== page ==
Refinancing Your Home with Bad Credit: Why It Makes Financial Sense?
Mortgage refinancing is a process that works by swapping out a current mortgage loan for a new one. Some homeowners consider this when the new interest of their loan is lower than the interest rate of their current mortgage. But mortgage refinancing is not always the best strategy. But if you have bad credit, you could be turned down by major financial institutions. Thankfully, some lenders allow you to refinance your home with bad credit on flexible criteria. The following are reasons you may want to refinance your mortgage:
While debt consolidation is usually a good thing, it needs to be done right. Indeed, when it is done wrong, it can be a dangerous financial move you can make. Paying off a debt with high interest seems like a smart move; however, there are possible pitfalls. Keep in mind that by refinancing, you transfer unsecured debt backed by your house as collateral. Thus, not paying your mortgage payments can result in you losing your house. And not paying a related debt such as a credit card debt can lead to a foreclosure.
Moreover, debt consolidation can also help your credit score. You can use the money you get from cash-out refinancing to pay off your credit cards and other bills. In this method, you transfer the debt into your home loan. Because mortgage rates may be lower than credit card rates, your monthly payment goes down and the interest you pay can be tax-deductible. Check with an accountant if it is possible to deduct your interest payments every month from your income taxes.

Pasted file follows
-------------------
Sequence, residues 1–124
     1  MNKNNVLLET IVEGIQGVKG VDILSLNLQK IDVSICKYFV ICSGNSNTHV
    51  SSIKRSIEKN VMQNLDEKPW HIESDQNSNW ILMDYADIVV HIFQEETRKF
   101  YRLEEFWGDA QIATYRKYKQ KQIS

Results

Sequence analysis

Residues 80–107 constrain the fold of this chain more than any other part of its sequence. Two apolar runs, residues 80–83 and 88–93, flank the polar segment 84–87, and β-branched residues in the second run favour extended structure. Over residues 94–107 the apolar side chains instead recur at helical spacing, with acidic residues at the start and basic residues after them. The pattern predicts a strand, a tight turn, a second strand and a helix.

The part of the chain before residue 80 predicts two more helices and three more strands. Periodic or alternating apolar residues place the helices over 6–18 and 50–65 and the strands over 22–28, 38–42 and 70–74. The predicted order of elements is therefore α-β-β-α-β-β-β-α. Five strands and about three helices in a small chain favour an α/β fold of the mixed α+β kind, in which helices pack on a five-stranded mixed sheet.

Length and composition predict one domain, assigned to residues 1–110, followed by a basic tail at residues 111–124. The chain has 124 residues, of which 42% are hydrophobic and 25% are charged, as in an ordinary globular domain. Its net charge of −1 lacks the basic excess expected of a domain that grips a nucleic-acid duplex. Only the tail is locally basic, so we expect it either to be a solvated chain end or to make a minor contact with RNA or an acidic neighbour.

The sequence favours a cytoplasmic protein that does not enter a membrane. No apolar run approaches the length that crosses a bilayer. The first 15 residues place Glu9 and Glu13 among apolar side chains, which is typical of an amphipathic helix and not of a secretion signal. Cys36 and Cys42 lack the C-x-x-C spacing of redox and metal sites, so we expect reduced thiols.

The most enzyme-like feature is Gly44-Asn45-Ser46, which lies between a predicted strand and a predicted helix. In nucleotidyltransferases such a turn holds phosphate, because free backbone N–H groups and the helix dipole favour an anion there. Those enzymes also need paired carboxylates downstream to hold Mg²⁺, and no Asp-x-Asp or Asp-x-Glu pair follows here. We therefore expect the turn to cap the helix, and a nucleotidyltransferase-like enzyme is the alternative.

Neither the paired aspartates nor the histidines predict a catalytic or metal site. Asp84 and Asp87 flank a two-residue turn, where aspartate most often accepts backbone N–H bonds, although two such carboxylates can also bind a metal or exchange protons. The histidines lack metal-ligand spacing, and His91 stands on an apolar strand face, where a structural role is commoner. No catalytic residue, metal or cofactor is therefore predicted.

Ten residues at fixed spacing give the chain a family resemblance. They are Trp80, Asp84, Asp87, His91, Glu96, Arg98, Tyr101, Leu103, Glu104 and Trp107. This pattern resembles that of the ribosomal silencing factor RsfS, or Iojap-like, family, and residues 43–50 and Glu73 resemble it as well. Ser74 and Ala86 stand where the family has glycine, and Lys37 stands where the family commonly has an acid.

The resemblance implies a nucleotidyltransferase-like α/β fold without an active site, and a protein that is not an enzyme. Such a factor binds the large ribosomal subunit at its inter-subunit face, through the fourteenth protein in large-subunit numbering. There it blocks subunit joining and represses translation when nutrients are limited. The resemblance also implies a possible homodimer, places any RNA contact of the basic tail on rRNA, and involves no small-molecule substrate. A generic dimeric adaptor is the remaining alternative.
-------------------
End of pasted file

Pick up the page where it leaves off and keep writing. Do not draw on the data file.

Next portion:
Reduced Monthly Payments
Generally, decreasing your monthly payments through a lowered interest rate is a sound financial decision. Any percentage of interest rate reduction can make a difference in your payments. But because the refinancing-related fees can be huge, you must explore the numbers and ensure you occupy the mortgaged home for a long time, so you can recover the costs of such kind of transaction.
Refinancing allows you to improve your credit standing. Once you may mortgage payments on time after refinancing, this improved credit can be your ticket to taking out a loan that has lower interest rates.
In general, building credit is a long-term endeavour and can take a lot of years. However, this does not mean you cannot take some steps to improve your credit before you apply to refinance. This is possible by paying down existing debt, getting credit for utilities and rent, as well as asking your credit card provider for higher limits.